The donkey was a symbol of peace and gentleness. 6 In Luke’s account of the Triumphal Entry, we read that the people cried out, “Blessed is the King who comes in the name of the Lord! Peace in heaven and glory in the highest!” (Luke 19:38). Christ came to bring “peace in heaven” at His First Coming by suffering on the Cross. Remember when Jesus was born, the angels said, “Glory to God in the highest, and on earth peace, goodwill toward men!” (Luke 2:14). Peace on earth will take place when Jesus returns to earth as King at His Second Coming. The First Coming of Christ brought spiritual peace in heaven through the cross. The Second Coming of Christ will bring peace on earth when Jesus rules as King of kings and Lord of lords! The first triumph of Christ was a spiritual or an inward triumph in the heavens. The second triumph of Christ will be on earth and it will be an outward, material triumph, subjecting the nations of the earth to His rule so that there will be universal peace among all people.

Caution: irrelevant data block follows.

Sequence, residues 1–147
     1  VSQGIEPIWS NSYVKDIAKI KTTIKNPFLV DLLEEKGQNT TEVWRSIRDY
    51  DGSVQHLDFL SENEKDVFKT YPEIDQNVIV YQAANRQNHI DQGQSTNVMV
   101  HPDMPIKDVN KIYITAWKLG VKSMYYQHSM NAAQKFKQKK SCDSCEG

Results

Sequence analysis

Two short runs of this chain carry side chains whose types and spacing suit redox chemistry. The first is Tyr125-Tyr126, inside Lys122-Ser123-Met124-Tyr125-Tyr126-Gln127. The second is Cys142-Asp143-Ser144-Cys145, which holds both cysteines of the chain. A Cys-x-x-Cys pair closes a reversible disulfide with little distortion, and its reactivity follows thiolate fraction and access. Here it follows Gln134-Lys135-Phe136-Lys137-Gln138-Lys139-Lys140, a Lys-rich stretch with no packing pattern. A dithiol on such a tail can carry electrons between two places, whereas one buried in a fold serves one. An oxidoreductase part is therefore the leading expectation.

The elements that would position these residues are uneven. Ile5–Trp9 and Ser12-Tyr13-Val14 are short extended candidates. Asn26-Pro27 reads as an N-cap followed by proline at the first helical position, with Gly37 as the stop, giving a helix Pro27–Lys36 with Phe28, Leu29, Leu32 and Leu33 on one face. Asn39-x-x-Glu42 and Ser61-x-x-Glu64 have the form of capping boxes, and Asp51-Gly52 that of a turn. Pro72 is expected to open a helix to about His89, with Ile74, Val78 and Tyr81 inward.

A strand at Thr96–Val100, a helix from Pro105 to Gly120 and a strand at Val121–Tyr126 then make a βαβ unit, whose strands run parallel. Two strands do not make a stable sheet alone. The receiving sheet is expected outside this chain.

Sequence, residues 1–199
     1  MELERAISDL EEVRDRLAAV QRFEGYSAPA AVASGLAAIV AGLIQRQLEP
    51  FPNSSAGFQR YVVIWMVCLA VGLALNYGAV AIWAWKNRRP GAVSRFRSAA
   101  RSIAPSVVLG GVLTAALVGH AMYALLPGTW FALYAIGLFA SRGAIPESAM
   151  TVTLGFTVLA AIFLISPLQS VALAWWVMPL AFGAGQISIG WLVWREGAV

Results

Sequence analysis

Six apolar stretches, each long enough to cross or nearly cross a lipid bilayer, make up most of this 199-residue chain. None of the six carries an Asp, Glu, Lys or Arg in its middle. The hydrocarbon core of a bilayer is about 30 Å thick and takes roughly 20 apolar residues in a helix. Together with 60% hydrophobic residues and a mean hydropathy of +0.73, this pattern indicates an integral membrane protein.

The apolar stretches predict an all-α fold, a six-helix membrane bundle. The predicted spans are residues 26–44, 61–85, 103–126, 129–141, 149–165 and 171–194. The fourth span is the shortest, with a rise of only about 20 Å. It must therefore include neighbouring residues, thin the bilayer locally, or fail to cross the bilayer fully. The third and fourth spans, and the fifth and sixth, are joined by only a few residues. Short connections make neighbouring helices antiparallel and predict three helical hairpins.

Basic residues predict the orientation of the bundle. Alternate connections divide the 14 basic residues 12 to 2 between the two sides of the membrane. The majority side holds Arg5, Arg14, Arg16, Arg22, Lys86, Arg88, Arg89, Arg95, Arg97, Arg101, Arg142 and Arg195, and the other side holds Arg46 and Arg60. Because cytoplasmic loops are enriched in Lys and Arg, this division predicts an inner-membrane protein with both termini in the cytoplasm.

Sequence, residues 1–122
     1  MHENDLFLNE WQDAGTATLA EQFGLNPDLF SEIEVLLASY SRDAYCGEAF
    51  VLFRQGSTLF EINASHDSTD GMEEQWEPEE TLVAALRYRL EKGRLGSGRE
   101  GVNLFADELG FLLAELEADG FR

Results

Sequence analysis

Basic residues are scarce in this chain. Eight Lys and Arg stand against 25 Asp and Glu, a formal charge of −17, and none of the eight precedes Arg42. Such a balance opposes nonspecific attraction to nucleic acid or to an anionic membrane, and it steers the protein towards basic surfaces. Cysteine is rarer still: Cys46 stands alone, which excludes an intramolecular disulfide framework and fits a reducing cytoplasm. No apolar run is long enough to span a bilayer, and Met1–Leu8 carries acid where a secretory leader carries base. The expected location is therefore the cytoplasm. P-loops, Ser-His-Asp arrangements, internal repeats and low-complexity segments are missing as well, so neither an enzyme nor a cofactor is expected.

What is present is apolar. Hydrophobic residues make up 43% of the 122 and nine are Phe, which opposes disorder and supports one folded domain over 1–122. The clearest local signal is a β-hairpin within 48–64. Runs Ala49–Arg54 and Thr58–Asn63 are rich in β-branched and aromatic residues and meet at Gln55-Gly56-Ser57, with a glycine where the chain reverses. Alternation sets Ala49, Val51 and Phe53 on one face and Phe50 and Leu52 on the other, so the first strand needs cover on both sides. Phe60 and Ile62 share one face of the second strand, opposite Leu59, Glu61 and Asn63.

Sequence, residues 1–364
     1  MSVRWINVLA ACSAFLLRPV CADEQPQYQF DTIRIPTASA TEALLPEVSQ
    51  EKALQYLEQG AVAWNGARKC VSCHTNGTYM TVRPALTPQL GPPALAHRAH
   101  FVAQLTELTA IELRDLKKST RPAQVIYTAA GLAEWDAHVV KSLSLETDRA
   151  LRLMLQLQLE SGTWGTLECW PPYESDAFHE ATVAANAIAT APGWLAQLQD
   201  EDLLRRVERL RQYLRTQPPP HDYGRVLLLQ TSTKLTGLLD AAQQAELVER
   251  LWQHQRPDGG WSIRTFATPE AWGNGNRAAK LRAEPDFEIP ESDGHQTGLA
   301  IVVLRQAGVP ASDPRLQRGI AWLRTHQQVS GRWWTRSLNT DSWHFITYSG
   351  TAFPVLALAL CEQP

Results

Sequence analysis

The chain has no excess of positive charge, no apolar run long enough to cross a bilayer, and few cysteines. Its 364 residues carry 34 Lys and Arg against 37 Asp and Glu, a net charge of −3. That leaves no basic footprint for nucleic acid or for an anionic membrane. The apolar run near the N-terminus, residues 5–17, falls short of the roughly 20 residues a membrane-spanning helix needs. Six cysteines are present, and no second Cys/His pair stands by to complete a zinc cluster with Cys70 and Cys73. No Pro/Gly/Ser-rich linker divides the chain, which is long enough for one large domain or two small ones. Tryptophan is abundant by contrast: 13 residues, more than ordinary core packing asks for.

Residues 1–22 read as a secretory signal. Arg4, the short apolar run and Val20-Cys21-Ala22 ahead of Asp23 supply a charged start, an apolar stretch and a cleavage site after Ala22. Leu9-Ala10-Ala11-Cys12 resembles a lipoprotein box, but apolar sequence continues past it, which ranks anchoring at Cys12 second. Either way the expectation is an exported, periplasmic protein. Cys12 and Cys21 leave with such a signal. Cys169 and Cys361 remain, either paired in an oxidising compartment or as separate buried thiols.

Before Jesus entered Jerusalem, He told His disciples, “Go into the village opposite you, where as you enter you will find a colt tied, on which no one has ever sat. Loose it and bring it here. And if anyone asks you, ‘Why are you loosing it?’ thus you shall say to him, ‘Because the Lord has need of it.’ ” (Luke19:30-31). By doing this, the Lord is letting His disciples know that He is in control. It was like the Lord already talked to these people and set the whole thing up. “I have planned this entry into Jerusalem even though I am going there to be crucified.”